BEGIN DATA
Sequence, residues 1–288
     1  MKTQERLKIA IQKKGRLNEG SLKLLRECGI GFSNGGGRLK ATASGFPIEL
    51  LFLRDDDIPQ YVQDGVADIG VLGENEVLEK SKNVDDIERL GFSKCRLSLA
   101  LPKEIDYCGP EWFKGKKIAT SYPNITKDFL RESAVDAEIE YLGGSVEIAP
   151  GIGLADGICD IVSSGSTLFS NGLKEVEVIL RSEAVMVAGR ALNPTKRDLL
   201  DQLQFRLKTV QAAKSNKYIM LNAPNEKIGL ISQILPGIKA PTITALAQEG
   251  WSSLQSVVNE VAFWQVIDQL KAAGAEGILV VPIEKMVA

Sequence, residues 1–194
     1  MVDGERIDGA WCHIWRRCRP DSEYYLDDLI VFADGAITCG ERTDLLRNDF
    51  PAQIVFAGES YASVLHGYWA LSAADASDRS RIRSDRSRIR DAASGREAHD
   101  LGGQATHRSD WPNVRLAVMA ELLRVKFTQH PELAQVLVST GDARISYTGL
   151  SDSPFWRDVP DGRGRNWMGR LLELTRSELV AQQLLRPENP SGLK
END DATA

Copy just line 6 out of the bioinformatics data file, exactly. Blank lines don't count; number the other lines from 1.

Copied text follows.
   201  DQLQFRLKTV QAAKSNKYIM LNAPNEKIGL ISQILPGIKA PTITALAQEG